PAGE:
Our family has always had pets and each is a valued member of the family. Our painted turtle, Myrtle, is over 30 years old. She was my husband, Joel’s, birthday gift when he was 15 years old and has made multiple moves over state lines with him, and eventually with both of us and our two children. We also have given a home to three gerbils, a dozen Koi fish, and two dogs.
But it wasn’t until after our daughter, Charlotte, died at Sandy Hook Elementary School on December 14, 2012, that we realized the full impact dogs can have on our well being.
Charlotte was an avid dog lover. When we rescued our yellow Labrador, Lily, Charlotte was three years old. Charlotte accompanied Lily on her first veterinary visit, and quickly decided that she would be a doggy doctor when she grew up. Charlotte spent her playtime with Lily or playing with her stuffed dogs. Loving dogs was one of her defining characteristics.
In the months following her death, Joel and I searched for the perfect way to honor Charlotte. We settled on focusing on the thing she loved second to only her family, dogs. With the help of award-winning author Renata Bowers, we wrote the children’s book Good Dogs, Great Listeners: The Story of Charlotte, Lily and the Litter.
The book focuses on Charlotte’s relationship with her constant companions, Lily and her litter of stuffed dogs. The details and adventures are authentically Charlotte and beautifully illustrate the strong bond between Charlotte and Lily. As we were working on publishing Charlotte’s story, another story was beginning to write itself and it involved our son, Guy. This story also included dogs.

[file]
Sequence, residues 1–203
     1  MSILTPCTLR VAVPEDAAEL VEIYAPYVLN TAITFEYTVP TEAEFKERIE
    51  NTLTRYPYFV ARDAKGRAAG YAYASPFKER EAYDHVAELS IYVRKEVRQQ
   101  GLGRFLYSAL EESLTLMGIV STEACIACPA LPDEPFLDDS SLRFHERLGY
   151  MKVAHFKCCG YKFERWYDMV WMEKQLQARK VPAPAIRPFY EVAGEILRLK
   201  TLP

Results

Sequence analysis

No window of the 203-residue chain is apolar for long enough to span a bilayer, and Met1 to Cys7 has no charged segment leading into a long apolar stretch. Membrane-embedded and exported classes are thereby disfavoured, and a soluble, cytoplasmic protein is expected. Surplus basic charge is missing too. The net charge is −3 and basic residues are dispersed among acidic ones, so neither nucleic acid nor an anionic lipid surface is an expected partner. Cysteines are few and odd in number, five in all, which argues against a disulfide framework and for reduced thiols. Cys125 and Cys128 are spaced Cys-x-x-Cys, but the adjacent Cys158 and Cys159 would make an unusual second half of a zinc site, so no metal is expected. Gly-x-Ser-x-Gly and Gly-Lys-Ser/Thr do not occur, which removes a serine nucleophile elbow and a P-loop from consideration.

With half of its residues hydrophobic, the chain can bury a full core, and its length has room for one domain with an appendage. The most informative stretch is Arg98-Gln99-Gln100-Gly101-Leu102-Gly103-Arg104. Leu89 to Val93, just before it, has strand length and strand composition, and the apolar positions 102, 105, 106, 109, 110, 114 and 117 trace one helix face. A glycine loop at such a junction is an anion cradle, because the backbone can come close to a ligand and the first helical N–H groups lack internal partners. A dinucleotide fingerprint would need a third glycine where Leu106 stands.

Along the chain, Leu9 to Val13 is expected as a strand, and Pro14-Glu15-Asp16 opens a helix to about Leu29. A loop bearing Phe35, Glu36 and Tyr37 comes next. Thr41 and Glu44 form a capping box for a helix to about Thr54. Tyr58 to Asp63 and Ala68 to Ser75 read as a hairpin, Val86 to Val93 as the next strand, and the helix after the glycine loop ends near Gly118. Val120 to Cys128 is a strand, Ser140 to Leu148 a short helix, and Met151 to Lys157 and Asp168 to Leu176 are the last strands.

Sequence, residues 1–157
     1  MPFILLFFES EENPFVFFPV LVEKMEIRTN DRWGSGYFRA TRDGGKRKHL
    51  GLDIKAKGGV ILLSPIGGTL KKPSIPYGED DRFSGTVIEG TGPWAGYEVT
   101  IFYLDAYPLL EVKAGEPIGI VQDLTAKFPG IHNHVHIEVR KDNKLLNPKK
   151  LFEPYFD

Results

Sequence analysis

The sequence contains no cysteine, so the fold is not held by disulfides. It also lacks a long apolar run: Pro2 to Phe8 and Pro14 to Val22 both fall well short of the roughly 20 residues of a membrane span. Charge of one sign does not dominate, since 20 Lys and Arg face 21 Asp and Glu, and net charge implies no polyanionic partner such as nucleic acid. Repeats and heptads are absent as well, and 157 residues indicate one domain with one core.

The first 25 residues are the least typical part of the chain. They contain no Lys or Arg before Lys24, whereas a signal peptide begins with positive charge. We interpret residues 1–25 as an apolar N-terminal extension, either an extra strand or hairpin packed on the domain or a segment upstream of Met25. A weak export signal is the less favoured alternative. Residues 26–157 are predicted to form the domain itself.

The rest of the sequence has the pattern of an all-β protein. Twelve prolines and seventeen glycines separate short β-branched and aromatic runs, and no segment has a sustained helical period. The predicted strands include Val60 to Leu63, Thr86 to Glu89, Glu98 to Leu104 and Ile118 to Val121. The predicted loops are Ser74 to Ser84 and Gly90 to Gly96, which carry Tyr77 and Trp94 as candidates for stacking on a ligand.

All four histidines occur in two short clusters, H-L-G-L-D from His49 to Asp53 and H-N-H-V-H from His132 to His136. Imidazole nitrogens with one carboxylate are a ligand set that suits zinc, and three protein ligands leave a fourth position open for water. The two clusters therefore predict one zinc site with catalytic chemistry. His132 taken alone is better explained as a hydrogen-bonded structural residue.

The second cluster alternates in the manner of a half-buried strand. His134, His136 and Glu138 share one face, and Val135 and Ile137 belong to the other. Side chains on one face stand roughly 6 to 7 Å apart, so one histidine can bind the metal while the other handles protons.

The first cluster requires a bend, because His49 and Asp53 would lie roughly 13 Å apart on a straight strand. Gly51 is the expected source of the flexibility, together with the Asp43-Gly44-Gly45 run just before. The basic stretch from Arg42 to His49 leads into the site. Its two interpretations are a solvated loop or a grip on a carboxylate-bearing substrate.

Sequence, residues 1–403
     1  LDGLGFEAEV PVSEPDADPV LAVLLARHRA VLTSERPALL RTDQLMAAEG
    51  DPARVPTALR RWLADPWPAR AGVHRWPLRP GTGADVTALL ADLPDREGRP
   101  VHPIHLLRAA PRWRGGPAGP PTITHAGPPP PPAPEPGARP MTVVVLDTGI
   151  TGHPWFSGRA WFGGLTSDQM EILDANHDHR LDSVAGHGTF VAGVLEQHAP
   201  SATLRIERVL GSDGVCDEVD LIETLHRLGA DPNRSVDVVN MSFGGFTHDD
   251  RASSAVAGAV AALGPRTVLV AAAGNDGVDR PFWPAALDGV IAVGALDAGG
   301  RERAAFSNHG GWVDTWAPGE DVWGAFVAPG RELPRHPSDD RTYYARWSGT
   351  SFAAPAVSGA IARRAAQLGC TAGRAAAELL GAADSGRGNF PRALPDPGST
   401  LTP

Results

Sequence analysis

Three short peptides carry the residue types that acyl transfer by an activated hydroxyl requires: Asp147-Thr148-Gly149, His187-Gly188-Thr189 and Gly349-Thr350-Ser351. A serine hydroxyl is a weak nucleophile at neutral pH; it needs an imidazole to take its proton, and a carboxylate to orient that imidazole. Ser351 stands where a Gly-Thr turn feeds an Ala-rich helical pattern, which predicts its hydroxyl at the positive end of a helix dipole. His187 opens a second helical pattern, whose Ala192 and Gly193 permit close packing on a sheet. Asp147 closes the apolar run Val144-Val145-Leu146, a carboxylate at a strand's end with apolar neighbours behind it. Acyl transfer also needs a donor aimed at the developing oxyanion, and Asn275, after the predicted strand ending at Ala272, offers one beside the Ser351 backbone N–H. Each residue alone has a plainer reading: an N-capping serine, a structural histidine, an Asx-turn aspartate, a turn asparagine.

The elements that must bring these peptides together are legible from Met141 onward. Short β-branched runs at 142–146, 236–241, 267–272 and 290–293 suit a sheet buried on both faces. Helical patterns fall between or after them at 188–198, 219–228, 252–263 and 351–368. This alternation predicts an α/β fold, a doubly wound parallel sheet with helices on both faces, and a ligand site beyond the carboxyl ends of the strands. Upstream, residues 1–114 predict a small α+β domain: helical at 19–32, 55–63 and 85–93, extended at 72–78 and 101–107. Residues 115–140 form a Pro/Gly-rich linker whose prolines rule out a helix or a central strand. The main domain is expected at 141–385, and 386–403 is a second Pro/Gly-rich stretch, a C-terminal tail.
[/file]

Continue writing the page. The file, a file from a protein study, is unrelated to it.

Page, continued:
Guy attended the Reed Intermediate School in Newtown, and in the winter and spring of 2013 the school administration brought in dozens of therapy dogs to comfort Newtown students. Initially, Guy was anxious about returning to school, but the therapy dogs were highly effective in helping Guy acclimate. They provided a sense of calm, eased anxiety, and provided a perceived layer of security that had been stripped away on December 14th.
During many school days, Guy interviewed the therapy dogs and took notes that he kept in a notebook. Months later, he decided he wanted to write a book just as Joel and I were working on Good Dogs, Great Listeners. Guy thought everyone should learn about the therapy dogs that visited his school. He wanted his book to be a tribute to the dogs and to highlight their different personalities.
Guy worked on this project for two and half years, and in September 2015, The Dogs of Newtown was released. For Guy, it was his way of saying “thank you.”
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